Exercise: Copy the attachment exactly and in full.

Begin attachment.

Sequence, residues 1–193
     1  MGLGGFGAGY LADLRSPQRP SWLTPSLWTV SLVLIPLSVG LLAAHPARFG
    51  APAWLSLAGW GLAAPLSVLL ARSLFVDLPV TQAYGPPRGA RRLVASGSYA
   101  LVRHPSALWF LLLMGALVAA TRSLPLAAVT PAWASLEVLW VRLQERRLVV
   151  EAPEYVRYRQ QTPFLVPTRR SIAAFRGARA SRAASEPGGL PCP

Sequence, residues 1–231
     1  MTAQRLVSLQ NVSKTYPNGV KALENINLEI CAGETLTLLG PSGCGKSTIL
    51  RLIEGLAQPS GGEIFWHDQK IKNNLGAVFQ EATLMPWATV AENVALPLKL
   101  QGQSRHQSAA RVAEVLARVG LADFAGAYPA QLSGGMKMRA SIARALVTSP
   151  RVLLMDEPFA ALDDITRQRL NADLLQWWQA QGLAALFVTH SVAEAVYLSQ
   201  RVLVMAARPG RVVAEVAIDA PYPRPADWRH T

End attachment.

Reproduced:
Sequence, residues 1–193
     1  MGLGGFGAGY LADLRSPQRP SWLTPSLWTV SLVLIPLSVG LLAAHPARFG
    51  APAWLSLAGW GLAAPLSVLL ARSLFVDLPV TQAYGPPRGA RRLVASGSYA
   101  LVRHPSALWF LLLMGALVAA TRSLPLAAVT PAWASLEVLW VRLQERRLVV
   151  EAPEYVRYRQ QTPFLVPTRR SIAAFRGARA SRAASEPGGL PCP

Sequence, residues 1–231
     1  MTAQRLVSLQ NVSKTYPNGV KALENINLEI CAGETLTLLG PSGCGKSTIL
    51  RLIEGLAQPS GGEIFWHDQK IKNNLGAVFQ EATLMPWATV AENVALPLKL
   101  QGQSRHQSAA RVAEVLARVG LADFAGAYPA QLSGGMKMRA SIARALVTSP
   151  RVLLMDEPFA ALDDITRQRL NADLLQWWQA QGLAALFVTH SVAEAVYLSQ
   201  RVLVMAARPG RVVAEVAIDA PYPRPADWRH T